There are many men now leading successful lives that owe a debt of gratitude to Patrick. I, literally, would not be standing here before you if not for Patrick. He was my principal, for sure, but he was better my brother, my friend always ready to be there for me and for so many others. We brothers of Notre Dame will never forget Patrick and how he formed us to be Men of Moreau.

Patrick’s ways: “Hey, Jim: How about we go down to Philysis on Savin Rock for a bite to eat?”

“But we just had dinner an hour ago.”

“Come on; you love those friend onion rings.”


As the fries are heading for my mouth “Now, Jim, I’ve got something to ask of you chair the religion department!”

Could I say no with the fries in front of me? He put his hand out to shake mine with a big smile on his face.

Patrick, a man who had a great heart, taught me and so many others the way and strengthened us to follow.

Notre Dame today is a clear reflection of Patrick Walsh. Some of the “core group” of today’s administration and faculty were hired during his tenure. It is a great community rooted in the heart.

Thank you, Patrick, for your great heart. You will never be forgotten.

Br. Jim Branigan, C.S.C., is the president of Notre Dame High School, West Haven, Conn.

Funeral Homily by Rev. James Doherty, C.S.C.
Dec. 20, 2013

Pat Walsh, C.S.C., was one of the few members of the Congregation of Holy Cross who was both a brother and a priest. He was not well known in the United States Province. He began living and ministering with us in 1993 in Bennington, Vt. He spent 12 years in Saco, Maine. Then he went back to North Bennington in 2007. Bennington and Saco were on the margins of the old Eastern Province and living there did not provide Pat with much opportunity to know the rest of us. I was one of the lucky ones who did get to know him.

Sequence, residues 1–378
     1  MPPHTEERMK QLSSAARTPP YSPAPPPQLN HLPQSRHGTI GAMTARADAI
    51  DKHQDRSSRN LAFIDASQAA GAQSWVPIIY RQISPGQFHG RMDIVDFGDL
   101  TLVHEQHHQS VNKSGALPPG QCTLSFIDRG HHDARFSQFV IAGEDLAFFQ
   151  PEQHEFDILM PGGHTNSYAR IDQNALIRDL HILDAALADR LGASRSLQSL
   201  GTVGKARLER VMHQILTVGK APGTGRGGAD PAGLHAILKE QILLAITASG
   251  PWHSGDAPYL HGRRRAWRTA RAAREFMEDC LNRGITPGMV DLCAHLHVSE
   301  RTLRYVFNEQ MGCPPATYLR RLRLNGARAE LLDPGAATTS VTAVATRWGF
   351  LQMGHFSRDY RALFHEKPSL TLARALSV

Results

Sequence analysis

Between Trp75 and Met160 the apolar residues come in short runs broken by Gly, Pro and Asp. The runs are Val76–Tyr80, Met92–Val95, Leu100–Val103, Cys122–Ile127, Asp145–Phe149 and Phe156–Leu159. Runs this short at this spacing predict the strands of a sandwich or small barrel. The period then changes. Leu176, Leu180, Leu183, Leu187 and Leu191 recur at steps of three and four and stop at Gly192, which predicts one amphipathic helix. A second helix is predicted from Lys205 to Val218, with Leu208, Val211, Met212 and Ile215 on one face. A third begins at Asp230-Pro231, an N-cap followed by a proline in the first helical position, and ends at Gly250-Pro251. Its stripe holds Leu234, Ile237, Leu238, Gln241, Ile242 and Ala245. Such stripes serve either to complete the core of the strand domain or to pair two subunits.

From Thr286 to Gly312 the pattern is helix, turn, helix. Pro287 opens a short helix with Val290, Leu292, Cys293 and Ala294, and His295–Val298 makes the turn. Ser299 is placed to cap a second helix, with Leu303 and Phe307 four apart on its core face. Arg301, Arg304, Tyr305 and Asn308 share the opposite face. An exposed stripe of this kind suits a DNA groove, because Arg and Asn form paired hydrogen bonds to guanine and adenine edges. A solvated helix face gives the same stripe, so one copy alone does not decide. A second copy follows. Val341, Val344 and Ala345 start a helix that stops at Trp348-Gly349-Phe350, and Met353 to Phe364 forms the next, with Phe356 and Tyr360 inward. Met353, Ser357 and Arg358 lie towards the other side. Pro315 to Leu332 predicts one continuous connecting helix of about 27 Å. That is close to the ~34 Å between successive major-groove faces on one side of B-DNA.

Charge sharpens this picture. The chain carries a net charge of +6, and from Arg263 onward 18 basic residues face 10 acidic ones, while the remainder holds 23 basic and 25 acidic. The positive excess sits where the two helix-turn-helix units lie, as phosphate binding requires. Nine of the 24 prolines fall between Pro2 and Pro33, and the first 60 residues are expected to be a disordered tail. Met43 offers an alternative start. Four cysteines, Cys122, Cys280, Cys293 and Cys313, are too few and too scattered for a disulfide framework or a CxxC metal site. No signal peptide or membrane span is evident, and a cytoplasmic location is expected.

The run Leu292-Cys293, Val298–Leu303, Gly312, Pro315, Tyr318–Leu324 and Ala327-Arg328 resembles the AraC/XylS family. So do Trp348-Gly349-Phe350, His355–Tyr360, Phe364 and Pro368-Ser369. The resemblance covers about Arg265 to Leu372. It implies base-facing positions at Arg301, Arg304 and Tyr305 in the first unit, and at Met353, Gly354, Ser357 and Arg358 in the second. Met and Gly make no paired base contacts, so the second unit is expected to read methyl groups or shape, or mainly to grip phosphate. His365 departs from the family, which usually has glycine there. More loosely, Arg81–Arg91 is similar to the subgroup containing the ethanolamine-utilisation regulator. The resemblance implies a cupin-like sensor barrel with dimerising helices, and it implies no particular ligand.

I made my transition from ministry in higher education to parishes in 1998. By that time, Pat had several years’ experience working in parishes. Logically, one would think that he would be the pastor and he would break me into this new ministry. But provincial administrations are not always logical. They appointed me as the pastor of Most Holy Trinity Parish in Saco and Pat remained as parochial vicar, but generously became my mentor.

During the first few months I was there, I would come to him with all sorts of questions: “How you do you do a funeral in this unusual worship space?” “How do you do a Baptism during Mass?” “What about blessing of pets?” “Tell me about parish councils and finance commissions.”

He usually didn’t answer these questions immediately. “Let me get back to you,” he would say.

Then he would go off and construct a lesson plan and come back and teach me in a way in which It was easy to learn. All that experience he had teaching in the classroom as a Holy Cross brother benefitted me. Not only me, but countless others.

Last Saturday night, there was a threat of a snow storm in this part of the country. Around here there were several inches before it turned to rain. Saco had the same prediction, but they ended up with 16 inches. Many people heeded the weather forecasters’ warnings to avoid dealing with the snow. They came to the 4 p.m. Mass on Saturday. Most Holy Trinity is a church that seats 450, including the choir. Last Saturday, there were 550 people there. It was packed. When they announced the news of Fr. Pat’s death, an audible groan went through the assembly. Pat had been in touch with some parishioners only weeks before. His voice had sounded strong over the phone. How could things turn around so quickly?